Getting started with the freelancer life can be frustrating. Been there, done that. Despite the promise of quick success (just search for the phrases “make $10,000” and “as a freelancer” on Google to get an idea about the number of clickbait articles written on the subject), it is likely that the first few months will fall short of your expectations, with lots of hiccups along the way. Landing the best freelance jobs can be a challenge for anyone—it is a matter of timing and finding the right fit for your skills. But a few steps that you can take can significantly increase your odds of success.
Freelance work online is uncharted territory for a newcomer and defining the limits of the work you will undertake will be your first wise move. When negotiating a project with a client, you might get more than what you bargained for. Clients, especially those without a tech background, tend to have higher expectations with regards to the scope of the project—they want everything but the kitchen sink. You might be expected to deliver a project that should in fact be done in phases or by different professionals. Therefore, you need to know where to draw the line and ask for more money for the extra work you will do or turn down the offer despite the pressure to score a win. Do not assume that things will work out without first coming to an agreement with regards to the scope and duration of the project and the revision process.
Bear in mind that building trust and working with the same clients for long periods of time reduces the work stress, and the monetary return can be substantial, too. Loyalty to a client will lower the administrative burden you need to shoulder every time you start a new project—the time it takes for both parties to understand each other, endless negotiations on contract terms and countless emails that need to be exchanged before the project starts. You don’t get paid for the time you spend for any of these so the smaller the project, the bigger this overhead cost will be for you. The long-term relationships further pay off on platforms such as Upwork and Peopleperhour, where the commission rates charged decrease as the total amount of billings with a particular client increases.
Give local and specialized freelancing platforms a chance. Chetu is one such platform that offers a more localized service to promote real-time interaction between the developer and the client. Another one, Gigway, narrows its scope down to a single country, Sweden, claiming to bring together the best freelancer talent in this country. Some other platforms like Devteam and Stackoverflow are great places to promote your skills as a developer. These platforms support smaller communities compared to Upwork or Freelancer.com, and can be a better fit for people whose self-promotion skills lag behind their technical expertise. The best freelance jobs are not where the crowds are but where you will find the right fit for your skill set.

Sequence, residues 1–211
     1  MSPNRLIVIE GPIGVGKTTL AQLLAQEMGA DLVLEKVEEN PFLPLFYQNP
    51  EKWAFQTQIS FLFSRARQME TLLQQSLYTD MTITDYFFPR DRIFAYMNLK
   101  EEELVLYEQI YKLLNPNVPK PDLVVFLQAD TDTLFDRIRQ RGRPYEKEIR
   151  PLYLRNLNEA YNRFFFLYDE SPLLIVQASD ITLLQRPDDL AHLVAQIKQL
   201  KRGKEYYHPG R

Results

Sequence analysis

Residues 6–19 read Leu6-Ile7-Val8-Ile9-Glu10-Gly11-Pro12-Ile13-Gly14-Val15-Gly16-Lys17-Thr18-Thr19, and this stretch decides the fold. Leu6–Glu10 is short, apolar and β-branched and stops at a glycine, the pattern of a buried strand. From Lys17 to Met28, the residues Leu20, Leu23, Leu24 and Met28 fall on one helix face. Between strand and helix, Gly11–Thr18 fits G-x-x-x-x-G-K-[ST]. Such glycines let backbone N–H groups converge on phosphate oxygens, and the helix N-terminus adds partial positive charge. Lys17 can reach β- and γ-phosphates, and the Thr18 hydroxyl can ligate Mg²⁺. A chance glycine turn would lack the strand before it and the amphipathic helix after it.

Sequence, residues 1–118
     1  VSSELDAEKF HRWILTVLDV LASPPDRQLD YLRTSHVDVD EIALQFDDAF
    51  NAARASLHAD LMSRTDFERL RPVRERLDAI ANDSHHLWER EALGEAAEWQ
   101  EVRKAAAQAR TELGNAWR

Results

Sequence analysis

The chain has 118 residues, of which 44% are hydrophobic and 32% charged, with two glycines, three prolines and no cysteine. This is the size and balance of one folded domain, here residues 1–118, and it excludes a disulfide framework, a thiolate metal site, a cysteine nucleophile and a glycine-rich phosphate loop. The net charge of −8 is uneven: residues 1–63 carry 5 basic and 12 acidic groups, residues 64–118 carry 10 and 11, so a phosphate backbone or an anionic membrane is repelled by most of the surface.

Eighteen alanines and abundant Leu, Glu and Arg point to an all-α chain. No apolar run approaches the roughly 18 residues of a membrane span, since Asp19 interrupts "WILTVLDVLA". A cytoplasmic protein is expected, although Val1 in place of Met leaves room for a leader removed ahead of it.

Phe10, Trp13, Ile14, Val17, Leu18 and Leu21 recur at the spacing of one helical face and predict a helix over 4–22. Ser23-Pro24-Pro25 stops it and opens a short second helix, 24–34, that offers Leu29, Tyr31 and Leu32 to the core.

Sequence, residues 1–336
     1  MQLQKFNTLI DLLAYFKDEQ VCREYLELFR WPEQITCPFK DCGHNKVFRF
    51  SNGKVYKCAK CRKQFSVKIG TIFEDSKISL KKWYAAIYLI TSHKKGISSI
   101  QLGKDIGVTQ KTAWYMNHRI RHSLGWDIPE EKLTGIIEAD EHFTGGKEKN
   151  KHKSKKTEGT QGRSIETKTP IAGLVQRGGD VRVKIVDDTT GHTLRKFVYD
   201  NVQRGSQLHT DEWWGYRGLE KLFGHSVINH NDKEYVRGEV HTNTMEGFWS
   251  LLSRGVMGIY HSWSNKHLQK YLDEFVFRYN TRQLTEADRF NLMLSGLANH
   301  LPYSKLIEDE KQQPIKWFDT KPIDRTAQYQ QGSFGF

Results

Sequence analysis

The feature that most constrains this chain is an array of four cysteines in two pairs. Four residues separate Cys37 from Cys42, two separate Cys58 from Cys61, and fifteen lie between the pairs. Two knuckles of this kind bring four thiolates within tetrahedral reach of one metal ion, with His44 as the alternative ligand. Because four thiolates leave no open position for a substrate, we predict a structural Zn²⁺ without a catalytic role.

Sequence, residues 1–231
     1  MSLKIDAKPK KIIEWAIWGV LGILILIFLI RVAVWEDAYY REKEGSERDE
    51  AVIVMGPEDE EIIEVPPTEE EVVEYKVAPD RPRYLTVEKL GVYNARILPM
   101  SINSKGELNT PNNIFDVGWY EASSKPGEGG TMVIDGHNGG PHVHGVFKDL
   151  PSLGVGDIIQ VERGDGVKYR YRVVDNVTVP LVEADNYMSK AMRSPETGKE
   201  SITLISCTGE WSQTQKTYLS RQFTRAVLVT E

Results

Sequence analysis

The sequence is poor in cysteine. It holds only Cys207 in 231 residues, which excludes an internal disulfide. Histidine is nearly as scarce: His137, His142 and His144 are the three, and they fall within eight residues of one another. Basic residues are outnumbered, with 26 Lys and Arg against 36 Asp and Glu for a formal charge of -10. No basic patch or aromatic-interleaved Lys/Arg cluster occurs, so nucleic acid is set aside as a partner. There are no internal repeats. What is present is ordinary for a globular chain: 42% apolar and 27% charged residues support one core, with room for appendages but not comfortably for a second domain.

Freelance work online means freedom, but not many people know what they can do with theirs. Without an office life that brings some structure to your day, it is entirely up to you to organize your time and increase your productivity. The SaaS world offers an amazing variety of solutions to help with that. Getting started with a tool like Webflow or Squarespace can help you design an infinitely customizable web site, giving a boost to your self-promotion efforts. A CRM app like Pipedrive lets you manage your business contacts, nurture your leads and cultivate long-term relationships with clients. Calendly allows you to organize your day, schedule meetings or let your contacts pick a suitable time for a meeting with you. Tools such as Sendgrid and Mailchimp turns sending mass emails—a real chore—into an easy task. Stripe takes care of your invoicing and payment management, handling a big chunk of the accounting work for you.
No-code platforms like Peaka can help freelancers automate repetitive tasks and save time while enabling them to ship more apps in a shorter time. The integrations offered by these tools make it possible for a freelancer to establish workflows that can handle the tedious parts of work, letting him focus on parts where his creativity is better employed. This automatically gives a freelancer a much-needed advantage in the face of fierce competition he has to deal with, eventually improving his bottomline. Being a a full-stack platform, Peaka makes use of industry-best practices, and thus negates the effects of lack of peer review and support that are hard to come by in the absence of a regular full-time job.
Freelancing can feel like an uphill battle at times, but it doesn’t have to be a one-man crusade against everyone. Top developers are putting all of their brainpower into no-code tools, solving problems for you behind the scenes and equipping you with a capable weapon to take on challenges with. Why not leverage them to grow your freelance business?